If you die early- they win because they stop paying out your annuity. And if you die late- they win because they can wait to pay out on your life insurance. If an insurance company has too much liability from life insurance, they can sell annuities, and visa-versa. Die early or die late, they are covered. Insurance companies, for the most part, are highly rated and secure companies that will not go out of business. If they do, there are funds in your State to cover some of your losses.

You Blow All Your Money Every Month

If you cannot save, you might want to think about an annuity. After all, once you turn on the income stream, you can spend everything you get and next month there will be more. But then again, if you blow all your money, how did you save up enough for an annuity in the first place?

Creditor Protection

This might be oversold, but not infrequently annuities have better creditor protection than your brokerage account. This is state specific, so see here.

You have under-saved for retirement

Honestly, if you take your cash out and buy a SPIA, you will be better off if you plan to live a normal or prolonged life span. Mortality credits will pay you better than your bonds do.

You think you need an income producing portfolio so you are taking too much risk

Risk can sneak up on you all sorts of ways if you are reaching for yield. If you are reaching for yield, annuitize some of your reach and you will reduce risk significantly. Total return investing beats the pants off of income production for this generation. If you think you need income producing assets to retire on, think again, and think about a SPIA instead.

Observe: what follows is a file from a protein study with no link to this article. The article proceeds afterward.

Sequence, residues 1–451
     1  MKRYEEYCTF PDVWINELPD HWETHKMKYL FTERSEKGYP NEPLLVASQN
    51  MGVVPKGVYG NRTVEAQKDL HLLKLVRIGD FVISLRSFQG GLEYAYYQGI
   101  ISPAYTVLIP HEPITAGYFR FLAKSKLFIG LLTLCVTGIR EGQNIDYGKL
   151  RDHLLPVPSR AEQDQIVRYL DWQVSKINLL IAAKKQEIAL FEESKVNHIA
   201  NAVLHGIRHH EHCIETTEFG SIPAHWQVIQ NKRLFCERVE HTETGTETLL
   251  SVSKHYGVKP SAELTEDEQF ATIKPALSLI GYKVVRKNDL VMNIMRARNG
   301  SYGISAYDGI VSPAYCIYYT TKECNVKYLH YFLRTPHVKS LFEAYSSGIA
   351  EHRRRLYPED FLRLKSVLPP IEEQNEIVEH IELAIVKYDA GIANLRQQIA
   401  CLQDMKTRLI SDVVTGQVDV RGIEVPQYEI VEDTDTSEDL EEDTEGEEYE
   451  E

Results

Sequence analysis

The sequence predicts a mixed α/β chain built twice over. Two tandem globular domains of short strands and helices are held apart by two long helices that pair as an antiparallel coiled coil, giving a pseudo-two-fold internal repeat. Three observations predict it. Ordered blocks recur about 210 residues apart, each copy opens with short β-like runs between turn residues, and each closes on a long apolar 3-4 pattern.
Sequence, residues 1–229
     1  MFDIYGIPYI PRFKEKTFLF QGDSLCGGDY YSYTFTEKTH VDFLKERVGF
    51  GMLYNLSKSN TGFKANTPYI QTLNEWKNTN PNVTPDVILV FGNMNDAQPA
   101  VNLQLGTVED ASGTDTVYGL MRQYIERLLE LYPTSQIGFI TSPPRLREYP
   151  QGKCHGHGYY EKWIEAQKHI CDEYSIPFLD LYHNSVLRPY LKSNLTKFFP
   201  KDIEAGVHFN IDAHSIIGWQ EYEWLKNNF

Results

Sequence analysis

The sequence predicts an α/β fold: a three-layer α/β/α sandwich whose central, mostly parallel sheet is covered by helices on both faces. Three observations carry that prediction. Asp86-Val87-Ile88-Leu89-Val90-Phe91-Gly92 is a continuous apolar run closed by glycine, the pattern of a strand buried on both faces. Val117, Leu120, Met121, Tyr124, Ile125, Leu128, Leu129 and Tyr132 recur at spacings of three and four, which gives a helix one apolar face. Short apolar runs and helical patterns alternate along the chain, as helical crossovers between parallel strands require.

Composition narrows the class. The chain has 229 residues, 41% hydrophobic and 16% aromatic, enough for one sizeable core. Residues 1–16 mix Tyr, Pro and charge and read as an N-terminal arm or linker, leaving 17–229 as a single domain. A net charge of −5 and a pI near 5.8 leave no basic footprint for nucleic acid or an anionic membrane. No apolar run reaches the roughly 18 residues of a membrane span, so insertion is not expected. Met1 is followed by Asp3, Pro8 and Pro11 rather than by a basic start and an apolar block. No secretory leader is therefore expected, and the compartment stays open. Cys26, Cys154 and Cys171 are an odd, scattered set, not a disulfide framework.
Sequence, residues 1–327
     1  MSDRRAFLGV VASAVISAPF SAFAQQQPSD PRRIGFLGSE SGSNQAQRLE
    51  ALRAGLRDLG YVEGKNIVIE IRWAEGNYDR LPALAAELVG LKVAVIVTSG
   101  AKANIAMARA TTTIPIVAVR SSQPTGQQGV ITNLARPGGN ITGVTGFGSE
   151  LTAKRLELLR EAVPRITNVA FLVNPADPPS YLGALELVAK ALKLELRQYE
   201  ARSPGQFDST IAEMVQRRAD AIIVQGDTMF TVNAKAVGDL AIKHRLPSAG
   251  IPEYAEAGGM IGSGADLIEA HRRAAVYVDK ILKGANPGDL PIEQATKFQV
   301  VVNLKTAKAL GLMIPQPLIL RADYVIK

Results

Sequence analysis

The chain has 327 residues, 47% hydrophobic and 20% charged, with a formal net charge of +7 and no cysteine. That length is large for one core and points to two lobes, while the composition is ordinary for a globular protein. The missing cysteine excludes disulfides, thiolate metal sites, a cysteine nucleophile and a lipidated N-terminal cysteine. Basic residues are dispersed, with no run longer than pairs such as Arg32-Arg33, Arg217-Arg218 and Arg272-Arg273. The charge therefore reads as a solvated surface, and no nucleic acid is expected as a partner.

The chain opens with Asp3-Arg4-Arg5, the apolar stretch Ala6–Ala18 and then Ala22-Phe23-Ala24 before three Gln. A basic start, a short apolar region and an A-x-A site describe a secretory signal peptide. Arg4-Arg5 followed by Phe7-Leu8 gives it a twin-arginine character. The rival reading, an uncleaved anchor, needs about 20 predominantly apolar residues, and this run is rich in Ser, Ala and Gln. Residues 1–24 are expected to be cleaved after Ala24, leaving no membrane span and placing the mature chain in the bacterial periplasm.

You have longevity

Longevity insurance is what some annuities are all about.

You are already old but desperately need to do Roth conversions

Yes you can still do partial Roth conversions when you are older than 72. A QLAC or two might help out in this situation. If you take longevity out of the equation by using a QLAC or two, you might be able to save your heirs a ton of money, especially if they are in a high-income tax bracket or you must put your legacy assets in a trust. This is a new idea I just had. I’m not sure how well it would work out, but it is a consideration if you want longevity insurance and the ability to aggressively Roth convert after RMD age.

You desperately want Long-Term Care Insurance but cannot get it with traditional or hybrid policies

Annuities with Long-Term Care riders tend to be based on your mortality risk rather than your morbidity risk, whereas the opposite is true with hybrid Life Insurance/LTCI policies. We are getting far into the weeds here, but if you have a pot of money laying around and you desperately want LTCI and cannot get it through other means, talk to a salesman about an annuity with an LTC rider.

You must have guaranteed income for life

The safety-first vs investment-only spectrum is just that—a spectrum. I suppose there are some people who cannot take any risk at all and cannot have any stock market risk.

Cons of an Annuity When I Retire

  1. Because you got sold one.
  2. You don’t know the purpose of the money.
  3. You don’t understand every feature and bell and whistle attached to the product
  4. The money is already tax-deferred. Don’t get snookered into investing your pre-tax money into an annuity. This is called a qualified annuity. One of the nice features of annuities are tax-deferral. If you are investing in an already tax-deferred account, please be careful!
  5. You know how to invest your money and are comfortable with volatility. If so, a total return approach will beat out an annuity. Only if you use an annuity as a bond-replacement might you win. If you are thinking about an old-fashioned bond ladder just stop it—and get an SPIA instead